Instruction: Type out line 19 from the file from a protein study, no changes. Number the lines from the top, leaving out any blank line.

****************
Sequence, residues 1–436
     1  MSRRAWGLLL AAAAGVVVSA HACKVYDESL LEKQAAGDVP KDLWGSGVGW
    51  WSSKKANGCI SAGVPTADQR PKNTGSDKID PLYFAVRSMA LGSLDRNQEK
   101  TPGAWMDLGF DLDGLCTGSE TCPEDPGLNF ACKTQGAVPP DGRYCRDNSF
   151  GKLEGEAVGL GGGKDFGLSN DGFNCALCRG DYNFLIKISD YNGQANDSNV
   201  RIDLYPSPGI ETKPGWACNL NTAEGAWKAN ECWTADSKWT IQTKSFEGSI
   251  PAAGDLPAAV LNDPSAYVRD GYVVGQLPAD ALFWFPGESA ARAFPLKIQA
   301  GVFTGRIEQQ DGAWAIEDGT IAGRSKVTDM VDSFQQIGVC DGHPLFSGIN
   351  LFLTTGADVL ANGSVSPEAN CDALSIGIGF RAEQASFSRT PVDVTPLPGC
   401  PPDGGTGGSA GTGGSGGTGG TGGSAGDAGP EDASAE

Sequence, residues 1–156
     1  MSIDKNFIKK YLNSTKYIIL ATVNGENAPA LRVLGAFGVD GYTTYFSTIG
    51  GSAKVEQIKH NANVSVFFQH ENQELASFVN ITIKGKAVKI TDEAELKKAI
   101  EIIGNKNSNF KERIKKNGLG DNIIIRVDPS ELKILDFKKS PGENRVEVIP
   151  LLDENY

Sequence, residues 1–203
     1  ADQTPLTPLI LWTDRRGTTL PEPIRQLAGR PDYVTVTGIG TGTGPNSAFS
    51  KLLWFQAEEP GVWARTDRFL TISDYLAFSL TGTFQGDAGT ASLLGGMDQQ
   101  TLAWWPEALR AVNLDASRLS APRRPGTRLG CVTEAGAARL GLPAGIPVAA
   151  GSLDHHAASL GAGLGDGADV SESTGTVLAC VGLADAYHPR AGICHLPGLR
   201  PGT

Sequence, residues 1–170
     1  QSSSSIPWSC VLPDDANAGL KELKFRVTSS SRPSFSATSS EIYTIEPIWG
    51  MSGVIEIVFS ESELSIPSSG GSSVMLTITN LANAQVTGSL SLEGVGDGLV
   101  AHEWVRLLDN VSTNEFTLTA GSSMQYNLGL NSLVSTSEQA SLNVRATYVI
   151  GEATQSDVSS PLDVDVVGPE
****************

   101  TLAWWPEALR AVNLDASRLS APRRPGTRLG CVTEAGAARL GLPAGIPVAA